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This week from Charleston

By Staff | May 17, 2013

At the recent Berkeley County Chamber of Commerce legislative wrap-up luncheon, I was surprised that Senator Craig Blair said that the legislature “didn’t do anything for job creation in West Virginia.” I offered a rebuttal to the Senator’s argument and pointed out that two of the most important pieces of legislation this year, the Education Reform bill and the Justice Reinvestment bill were, in fact, jobs bills. For our economy to thrive and to attract new business into West Virginia, we must focus on having an educated and drug-free workforce. An educated workforce is at the core of economic development. This is why the West Virginia Chamber of Commerce made the Governor’s Education Reform bill one of its top priorities.

The Education Reform bill, while not perfect, is a first step in addressing why, on a statewide basis, our extremely expensive education system is not producing the results we should expect and our children deserve. Senator Blair has a different perspective: “[o]ur children are afforded a quality education…” This is a curious assertion since our education system ranks in the bottom five in the nation. Seventy-nine percent of the state’s eighth-graders weren’t proficient in math in 2011, while 73 percent of fourth-graders weren’t proficient in reading, according to the 2012 KIDS COUNT data book by the Annie E. Casey Foundation.

Senator Blair wrote recently that “[p]utting more resources into our education system is like putting the cart before the horse ” Part of the point of education reform is making changes based on savings within the system. It is not to spend additional funds. The barrier to jobs in West Virginia right now is our lack of an educated workforce. And the failure to recognize that may divide us all.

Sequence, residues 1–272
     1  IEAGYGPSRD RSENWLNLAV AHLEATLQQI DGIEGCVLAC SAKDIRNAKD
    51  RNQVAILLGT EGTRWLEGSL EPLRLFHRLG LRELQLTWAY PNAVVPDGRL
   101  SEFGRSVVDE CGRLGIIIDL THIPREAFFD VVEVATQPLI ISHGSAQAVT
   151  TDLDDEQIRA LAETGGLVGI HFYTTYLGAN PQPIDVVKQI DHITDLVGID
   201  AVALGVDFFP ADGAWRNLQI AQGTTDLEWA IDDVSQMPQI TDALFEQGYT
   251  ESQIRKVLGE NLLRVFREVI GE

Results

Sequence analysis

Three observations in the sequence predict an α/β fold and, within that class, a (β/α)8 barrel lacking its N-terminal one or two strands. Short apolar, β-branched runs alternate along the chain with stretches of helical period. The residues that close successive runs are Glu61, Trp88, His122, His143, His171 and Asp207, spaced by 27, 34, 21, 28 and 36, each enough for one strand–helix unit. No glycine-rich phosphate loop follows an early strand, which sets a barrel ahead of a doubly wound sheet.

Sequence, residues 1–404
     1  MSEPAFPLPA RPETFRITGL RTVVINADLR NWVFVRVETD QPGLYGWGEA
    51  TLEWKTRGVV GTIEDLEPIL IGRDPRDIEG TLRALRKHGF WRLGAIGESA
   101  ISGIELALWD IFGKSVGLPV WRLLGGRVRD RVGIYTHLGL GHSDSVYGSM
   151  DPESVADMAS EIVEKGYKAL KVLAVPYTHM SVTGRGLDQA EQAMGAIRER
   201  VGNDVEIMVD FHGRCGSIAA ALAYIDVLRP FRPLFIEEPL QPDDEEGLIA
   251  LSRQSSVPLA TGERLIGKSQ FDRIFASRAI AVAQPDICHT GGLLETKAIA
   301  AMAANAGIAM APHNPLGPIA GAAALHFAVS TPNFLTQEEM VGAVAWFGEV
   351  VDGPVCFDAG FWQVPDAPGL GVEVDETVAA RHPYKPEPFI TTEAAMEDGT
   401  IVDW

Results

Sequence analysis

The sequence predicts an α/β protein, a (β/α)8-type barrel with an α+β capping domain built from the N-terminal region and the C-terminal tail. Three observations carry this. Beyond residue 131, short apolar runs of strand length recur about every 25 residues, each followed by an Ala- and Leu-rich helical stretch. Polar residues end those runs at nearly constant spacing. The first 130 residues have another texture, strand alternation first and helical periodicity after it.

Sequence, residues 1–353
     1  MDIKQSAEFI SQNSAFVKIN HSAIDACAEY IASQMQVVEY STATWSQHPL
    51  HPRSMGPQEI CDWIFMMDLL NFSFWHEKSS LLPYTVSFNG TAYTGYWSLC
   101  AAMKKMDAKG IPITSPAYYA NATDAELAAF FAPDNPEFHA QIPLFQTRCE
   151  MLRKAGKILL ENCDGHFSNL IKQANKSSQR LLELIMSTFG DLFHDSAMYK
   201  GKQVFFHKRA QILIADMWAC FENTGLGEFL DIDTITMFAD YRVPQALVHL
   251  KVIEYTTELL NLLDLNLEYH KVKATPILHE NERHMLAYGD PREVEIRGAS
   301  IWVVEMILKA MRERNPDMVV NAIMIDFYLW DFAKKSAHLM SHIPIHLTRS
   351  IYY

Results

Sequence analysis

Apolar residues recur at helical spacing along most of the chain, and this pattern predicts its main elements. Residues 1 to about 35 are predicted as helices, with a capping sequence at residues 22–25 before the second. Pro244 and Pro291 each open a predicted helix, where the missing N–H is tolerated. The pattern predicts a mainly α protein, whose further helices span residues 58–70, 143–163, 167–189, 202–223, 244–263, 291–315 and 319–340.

At the forum, I also cited the Justice Reinvestment bill as one of the ways we can help keep our workforce drug-free. The bill helps set up drugs courts in every county and helps those with substance abuse problems get help and not just incarceration. This is a real problem because, particularly in Southern West Virginia, we do not have enough drug-free qualified workers to fill the available jobs. Senator Blair seems to agree that “all too often” the children who stay in West Virginia “can’t even pass a drug test to fill those positions are available.” If that is the case, then our priorities should be dealing with the drug problem alongside education. Unfortunately, the current mantra requires that every answer about jobs be focused on tax rates in West Virginia. If a tax is not the subject of the bill, then it is not a “jobs bills.”

Right now, the unemployment rate in West Virginia is 6.6 percent ranking us in the top half of the country in employment and better than the national rate. But you know who has a better unemployment rate? Our neighbor Maryland, who is ranked first in education, despite the fact that it generally has higher taxes. I am not saying there is a cause and effect, and I am certainly not saying that higher taxes are desirable. However, I do dispute claims that economic development in West Virginia will only be advanced by changing the corporate tax rates. Does anyone really believe that a company wants to move into a state where the education system is ranked near the bottom with high rates of substance abuse? Education Reform and Justice Reinvestment were critical priorities for firing up the West Virginia economy this year. Both bills show a disciplined, data-driven approach to moving West Virginia forward.